One of the perks of becoming a sports journalist is earning the right to vote this or that player onto an All-Pro team, to an MVP award or even into a Hall of Fame. Candidly, it can be fun.
For those who have earned the right to vote for members of the Baseball Hall of Fame, it has mostly been fun right up through Monday's latest ballot, which landed Reds shortstop Barry Larkin in Cooperstown.
But beginning now and for the foreseeable future, those who vote for baseball's highest honor and the most difficult Hall of Fame to enter in North America now have a burden disguised as a perk.
When the ballot for the Class of 2013 is sent out, Barry Bonds, Roger Clemens, Sammy Sosa and Mike Piazza will be on the list. A carton of syringes should be on it as well.
Never miss a local story.
I don't have a vote, and want zero part of this voting procedure. This vote will demand a no-win judgment call.
Since absolutes in some of these cases are nearly impossible, the best option is not to look at them through a black-and-white lens but rather acknowledge the kaleidoscope that are these ballots.
"I'm not sure 'dread' is the right word. There is going to be some sadness looking at that ballot," said Susan Slusser of the San Francisco Chronicle. She will become the first female president of the Baseball Writers Association of America later this year, and has been voting on the HOF for five years.
"Some of those people in the prime of their careers that you would have thought they would have been in the Hall of Fame for everything they did in the game, and apart from this one thing they should be.... There is no fair way to go about it. There is no guideline at all. I don't plan to vote for anyone that I have good knowledge that cheated the game."
On this latest ballot, former Rangers Juan Gonzalez and Rafael Palmeiro were way down the list. Accept this now: Despite his 3,000 hits and 500 homers, Raffy is never going to get in. Ever.
His critics often dismissed his statistics as a product of the offensive era. Once he was busted, voters who were reluctant to vote for him had their justification to forever say no.
Raffy did the right thing in mostly going away since he left the game, and his good relationships with the media big-hitters in this region pretty much ensured no one locally was going to go after him once it was reported that he failed a drug test.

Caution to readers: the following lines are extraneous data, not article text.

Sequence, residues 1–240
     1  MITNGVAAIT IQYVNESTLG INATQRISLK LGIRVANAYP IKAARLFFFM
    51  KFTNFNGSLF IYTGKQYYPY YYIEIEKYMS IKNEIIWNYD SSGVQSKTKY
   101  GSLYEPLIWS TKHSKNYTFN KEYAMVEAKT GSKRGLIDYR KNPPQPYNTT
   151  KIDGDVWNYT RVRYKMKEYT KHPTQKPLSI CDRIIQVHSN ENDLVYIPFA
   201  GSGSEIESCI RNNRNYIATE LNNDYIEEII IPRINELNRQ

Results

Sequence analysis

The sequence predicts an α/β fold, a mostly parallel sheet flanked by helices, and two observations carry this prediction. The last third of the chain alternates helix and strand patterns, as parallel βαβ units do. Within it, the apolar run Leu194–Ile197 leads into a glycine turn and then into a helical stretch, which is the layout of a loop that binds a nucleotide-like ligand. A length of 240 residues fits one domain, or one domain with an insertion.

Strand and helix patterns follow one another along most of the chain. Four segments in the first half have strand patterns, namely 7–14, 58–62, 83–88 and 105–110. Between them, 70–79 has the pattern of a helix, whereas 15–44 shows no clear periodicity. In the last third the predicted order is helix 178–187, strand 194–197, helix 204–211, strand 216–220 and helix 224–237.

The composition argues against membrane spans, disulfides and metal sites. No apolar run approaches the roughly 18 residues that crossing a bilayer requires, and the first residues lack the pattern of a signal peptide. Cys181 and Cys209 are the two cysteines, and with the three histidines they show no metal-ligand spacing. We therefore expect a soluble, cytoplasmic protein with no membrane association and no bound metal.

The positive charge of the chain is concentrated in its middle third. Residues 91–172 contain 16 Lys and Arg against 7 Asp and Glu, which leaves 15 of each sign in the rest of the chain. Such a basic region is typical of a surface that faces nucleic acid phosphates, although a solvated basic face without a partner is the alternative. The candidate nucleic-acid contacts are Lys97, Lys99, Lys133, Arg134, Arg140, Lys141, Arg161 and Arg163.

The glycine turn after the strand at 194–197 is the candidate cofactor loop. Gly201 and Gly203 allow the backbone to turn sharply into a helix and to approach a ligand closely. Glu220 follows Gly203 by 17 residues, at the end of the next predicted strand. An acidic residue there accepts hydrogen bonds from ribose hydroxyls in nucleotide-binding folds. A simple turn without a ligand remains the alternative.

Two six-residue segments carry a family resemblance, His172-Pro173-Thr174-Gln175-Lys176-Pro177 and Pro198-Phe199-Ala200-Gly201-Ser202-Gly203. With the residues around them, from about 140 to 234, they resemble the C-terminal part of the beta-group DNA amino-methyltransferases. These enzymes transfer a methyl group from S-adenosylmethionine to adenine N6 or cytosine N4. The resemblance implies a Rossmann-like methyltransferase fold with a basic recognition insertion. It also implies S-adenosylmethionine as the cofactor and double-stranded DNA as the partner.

I would be stunned if the voters in this market whom Raffy had a good rapport with did not vote him in. Relationships can trump a lot in this world.
It will not be enough.
On this latest ballot, Raffy's second time, he received 12.6 percent. That number needs to be 75 percent for induction.
Compared to what is coming, the decision on Raffy is easier than reaching first on an intentional walk.
Even without allegations of steroids, Sosa can easily be excluded based on his record as a one-trick, circus-freak act much the way Mark McGwire has. BTW: This latest ballot, McGwire's sixth, has him with 19.5 percent.
But Bonds, Clemens and even Piazza are far more complex.
Few are going to argue Bonds or Clemens did not belong in the HOF before they were linked to 'roids. Now there is empirical evidence that they used... something.
Piazza, drafted in the 62nd round, was often rumored to be a creation of a syringe full of something that is legal only in Mexico. Or at least we think that, but we don't know that. Slusser plans to vote for Piazza.
But she is a "No" on Bonds and Clemens. Too many documents. Too many prosecution witnesses to suggest that our eyes were not wrong.
There may be a lot of like-minded voters regarding this pair. And spare me the "this is a partial discrimination because Bonds is black" assertion. Boorish jerk is not color specific (see Kent, Jeff).
My gut tells me all three of these men will be inducted into Cooperstown -- eventually.
I can easily envision a large portion of voters waiting years and years to vote "Yes" on this trio as a measure of punishment, since baseball did nothing on its own.
"Bonds and [Alex Rodriguez] were Hall of Famers before there was any evidence of them taking steroids, and that is the heartbreaking part," Slusser said. "Everyone has a different opinion on this. I don't think anyone likes the idea of voting in someone they know took steroids. I think some people will hold their nose and vote them in anyway. Some people say the easiest answer is to vote them all in and act like they didn't take [steroids]."
Slusser calls this situation fluid, and she is open to changing her mind as more evidence becomes available, which it will.
I vacillate on this scenario. One minute I say vote them in, and put in Pete Rose with an asterisk. The next minute I say keep them all out.
A vote that was once fun is now just a burden.
Mac Engel, 817-390-7697